Published Oct 19, 2023
Carol A. Crawford was appointed as an Immigration Judge to begin hearing cases in December 2021. Judge Crawford earned a Bachelor of Arts in 1982 from Trinity College, a Master of Business Administration in 1986 from The George Washington University, and a Juris Doctor in 1992 from the University of Maryland School of Law. From 2017 to 2021, she was the Faculty Relations Investigator at American University, in the District of Columbia. From 2014 to 2017, she served as Director/Investigative Counsel with the Maryland Commission on Judicial Disabilities, in Annapolis and Linthicum. From 1997 to 2014, she served as Assistant State’s Attorney, Chief of the Special Prosecutions Team, and First Assistant State’s Attorney at the Office of the State’s Attorney for Montgomery County, Maryland. From 1993 to 1997, she served as Assistant Public Defender with the Maryland Office of the Public Defender, in Rockville. From 1992 to 1993, she served as Law Clerk to the Honorable Ann S. Harrington of the Sixth Judicial Circuit of Maryland. Judge Crawford is a member of the Maryland State Bar.
Detailed data on decisions by Judge Crawford were examined for the period covering fiscal years 2018 through 2023. During this period, court records show that Judge Crawford decided 223 asylum claims on their merits. Of these, she granted asylum for 195, granted 5 other types of relief, and denied relief to 23. Converted to percentage terms, Crawford denied 10.3 percent and granted 89.6 percent of asylum cases (including forms of relief other than asylum).
Figure 1 provides a comparison of Judge Crawford's denial rate each fiscal year over this recent period. (Rates for years with less than 25 decisions are not shown.)
Compared to Judge Crawford's denial rate of 10.3 percent, Immigration Court judges across the country denied 60.6 percent of asylum claims during this same period. Judges at the New York Immigration Court where Judge Crawford decided these cases denied asylum 34.4 percent of the time. See Figure 2.
Judge Crawford's asylum grant and denial rates are compared with other judges serving on the same court in this table. Note that when an Immigration Judge serves on more than one court during the same period, separate Immigration Judge reports are created for any Court in which the judge rendered at least 100 asylum decisions.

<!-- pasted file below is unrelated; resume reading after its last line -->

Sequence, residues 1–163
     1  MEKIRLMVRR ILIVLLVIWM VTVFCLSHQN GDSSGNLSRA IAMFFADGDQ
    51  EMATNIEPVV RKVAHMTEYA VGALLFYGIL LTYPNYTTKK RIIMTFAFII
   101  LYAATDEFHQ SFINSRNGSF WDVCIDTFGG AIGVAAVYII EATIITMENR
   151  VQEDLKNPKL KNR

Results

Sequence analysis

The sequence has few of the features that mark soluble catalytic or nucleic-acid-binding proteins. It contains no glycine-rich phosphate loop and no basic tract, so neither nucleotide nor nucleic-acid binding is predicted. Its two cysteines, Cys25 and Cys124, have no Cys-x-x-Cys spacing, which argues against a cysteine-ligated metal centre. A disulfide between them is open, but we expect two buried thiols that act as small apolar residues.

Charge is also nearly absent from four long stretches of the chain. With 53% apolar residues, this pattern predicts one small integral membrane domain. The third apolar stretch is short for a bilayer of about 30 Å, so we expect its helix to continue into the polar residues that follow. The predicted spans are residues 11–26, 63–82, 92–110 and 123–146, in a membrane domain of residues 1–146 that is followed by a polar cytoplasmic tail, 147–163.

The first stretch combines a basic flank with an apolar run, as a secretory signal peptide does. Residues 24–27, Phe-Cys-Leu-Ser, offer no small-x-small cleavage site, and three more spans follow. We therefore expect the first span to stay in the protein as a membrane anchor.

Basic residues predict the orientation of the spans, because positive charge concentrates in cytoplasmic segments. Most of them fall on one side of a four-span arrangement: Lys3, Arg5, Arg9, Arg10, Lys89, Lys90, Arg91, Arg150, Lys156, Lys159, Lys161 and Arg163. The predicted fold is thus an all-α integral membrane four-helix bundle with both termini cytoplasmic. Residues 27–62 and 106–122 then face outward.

Although denial rates are shaped by each Judge's judicial philosophy, denial rates are also shaped by other factors, such as the types of cases on the Judge's docket, the detained status of immigrant respondents, current immigration policies, and other factors beyond an individual Judge's control. For example, TRAC has previously found that legal representation and the nationality of the asylum seeker are just two factors that appear to impact asylum decision outcomes.
The composition of cases may differ significantly between Immigration Courts in the country. Within a single Court when cases are randomly assigned to judges sitting on that Court, each Judge should have roughly a similar composition of cases given a sufficient number of asylum cases. Then variations in asylum decisions among Judges on the same Immigration Court would appear to reflect, at least in part, the judicial philosophy that the Judge brings to the bench. However, if judges within a Court are assigned to specialized dockets or hearing locations, then case compositions are likely to continue to differ and can contribute to differences in asylum denial rates.
When asylum seekers are not represented by an attorney, almost all of them (80%) are denied asylum. In contrast, a significantly higher proportion of represented asylum seekers are successful. In the case of Judge Crawford, 2.2% were not represented by an attorney. See Figure 3. For the nation as a whole, about 15.7% of asylum seekers are not represented.
Asylum seekers are a diverse group. Over one hundred different nationalities had at least one hundred individuals claiming asylum decided during this period. As might be expected, immigration courts located in different parts of the country tend to have proportionately larger shares from some countries than from others. And, given the required legal grounds for a successful asylum claim, asylum seekers from some nations tend to be more successful than others.
The largest group of asylum seekers appearing before Judge Crawford came from China. Individuals from this country made up 32.7% of her caseload. Other nationalities in descending order of frequency appearing before Judge Crawford were: India (21.5%), Bangladesh (8.5%), Nepal (5.4%), Guatemala (4.0%). See Figure 4.
In the nation as a whole during this same period, major nationalities of asylum seekers, in descending order of frequency, were El Salvador (16.6%), Guatemala (15.1%), Honduras (13.8%), Mexico (9.2%), China (6.8%), India (5.1%), Venezuela (3.2%), Ecuador (3.1%), Cuba (2.4%), Nicaragua (2.3%), Brazil (2.0%), Colombia (1.4%), Cameroon (1.4%).